Seth Fisher, Community Development Minister

This is an exciting time for me, and for Peoples Church. I’m at O’Hare right now, waiting for my flight to California for a program called Beyond the Call: Entrepreneurial Ministry. It’s a program for ministers who are working on doing ministry in new and exciting ways, and I’ve been invited because of the work we’re doing at Peoples Church, especially with The Coffee Hour. The Coffee Hour is an opportunity for people to come together in community to become better people and create a better world together through personal growth, art, music, volunteering, discussions, political action. If you haven’t heard about The Coffee Hour yet, you can find more information at meetup.com/

The-Coffee-Hour, facebook.com/peopleschurchcoffeehour, or just come to church any Sunday at 11:00!

So I’m excited about my trip and about collaborating with other Unitarian Universalist Ministers, United Church of Christ ministers and progressive Rabbis from all over north America – and I’m not complaining about getting away from the snow and ice for a few days either. But my thoughts are definitely going to be in Chicago on Sunday as the congregation gets together for the annual meeting. Especially because this is the Sunday when the church will vote on whether or not to ordain me at the end of the month. This is a big moment for me. Many years of planning and schoolwork, internships, recommendations, interviews, background checks, psychological evaluations, a lot of borrowed money and countless gallons of coffee have gone into this, and it all comes down to this congregational vote.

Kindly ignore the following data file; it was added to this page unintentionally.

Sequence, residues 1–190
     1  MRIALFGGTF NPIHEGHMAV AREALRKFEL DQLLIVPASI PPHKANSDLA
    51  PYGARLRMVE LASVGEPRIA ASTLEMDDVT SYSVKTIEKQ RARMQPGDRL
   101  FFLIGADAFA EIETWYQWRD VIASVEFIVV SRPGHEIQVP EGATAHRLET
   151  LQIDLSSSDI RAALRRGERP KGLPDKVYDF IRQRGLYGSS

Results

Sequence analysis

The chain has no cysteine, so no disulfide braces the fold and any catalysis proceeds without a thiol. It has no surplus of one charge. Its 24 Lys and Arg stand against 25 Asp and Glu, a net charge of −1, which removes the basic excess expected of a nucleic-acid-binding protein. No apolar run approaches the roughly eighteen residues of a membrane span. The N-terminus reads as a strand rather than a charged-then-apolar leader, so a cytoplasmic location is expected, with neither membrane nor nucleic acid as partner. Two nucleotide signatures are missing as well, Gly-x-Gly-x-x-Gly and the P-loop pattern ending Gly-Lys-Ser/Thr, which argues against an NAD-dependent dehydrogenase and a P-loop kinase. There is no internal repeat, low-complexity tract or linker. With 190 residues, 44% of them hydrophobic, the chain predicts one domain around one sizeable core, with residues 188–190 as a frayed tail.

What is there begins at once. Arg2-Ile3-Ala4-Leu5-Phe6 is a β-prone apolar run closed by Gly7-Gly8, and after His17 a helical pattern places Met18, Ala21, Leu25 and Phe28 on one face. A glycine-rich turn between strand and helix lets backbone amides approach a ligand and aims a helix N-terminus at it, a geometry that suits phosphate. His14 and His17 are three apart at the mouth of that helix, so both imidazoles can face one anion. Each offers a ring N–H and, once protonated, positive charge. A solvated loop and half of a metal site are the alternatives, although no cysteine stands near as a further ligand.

This is an important moment for the church too. It’s important because this is where we see that the highest authority in the church is the people, the community, the body of Christ. None of the preparation could make me an ordained minister in our tradition. The degrees, the recognition of the denomination, the internships, etc. don’t mean anything without a congregation that recognizes my call to ministry. In fact, none of the rest of that stuff is even strictly necessary. Our congregation has the authority to ordain anyone that it feels is called to ministry. It’s called congregational polity and it’s exercised most visibly at each ordination.

It’s a great reminder that we ordain ministers to a particular job as leaders – not set apart or set above the community, because the community includes us all and the community is the highest authority.

And this isn’t just the case with ordained professional ministry. We’re all called to some ministry or another. We can’t all be ordained religious professionals (thank God for that. We’d all starve!) but all of us have some special gift to share with the world and it’s a gift that we will only fully realize when we share it with others in community. So, pending the vote of the congregation on February 1st, I invite you to attend my ordination on February 22nd at 4:00. And more importantly, I invite you to think about your own calling. What is it that your heart is calling you to share with the world? As Frederick Beuchner said, “The place God calls you to is the place where your deep gladness and the world’s deep hunger meet.” And I would add that wherever that place is, we’ll get there together.


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